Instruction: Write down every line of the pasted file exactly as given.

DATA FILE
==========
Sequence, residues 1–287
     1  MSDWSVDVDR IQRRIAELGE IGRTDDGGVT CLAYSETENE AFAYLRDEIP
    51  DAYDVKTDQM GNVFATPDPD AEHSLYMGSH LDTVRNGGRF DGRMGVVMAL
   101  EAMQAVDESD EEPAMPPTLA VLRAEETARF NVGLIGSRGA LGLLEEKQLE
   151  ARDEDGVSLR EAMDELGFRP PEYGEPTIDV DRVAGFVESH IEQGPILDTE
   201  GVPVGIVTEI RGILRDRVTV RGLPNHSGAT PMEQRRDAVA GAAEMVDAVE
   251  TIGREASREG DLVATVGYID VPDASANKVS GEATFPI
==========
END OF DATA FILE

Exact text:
Sequence, residues 1–287
     1  MSDWSVDVDR IQRRIAELGE IGRTDDGGVT CLAYSETENE AFAYLRDEIP
    51  DAYDVKTDQM GNVFATPDPD AEHSLYMGSH LDTVRNGGRF DGRMGVVMAL
   101  EAMQAVDESD EEPAMPPTLA VLRAEETARF NVGLIGSRGA LGLLEEKQLE
   151  ARDEDGVSLR EAMDELGFRP PEYGEPTIDV DRVAGFVESH IEQGPILDTE
   201  GVPVGIVTEI RGILRDRVTV RGLPNHSGAT PMEQRRDAVA GAAEMVDAVE
   251  TIGREASREG DLVATVGYID VPDASANKVS GEATFPI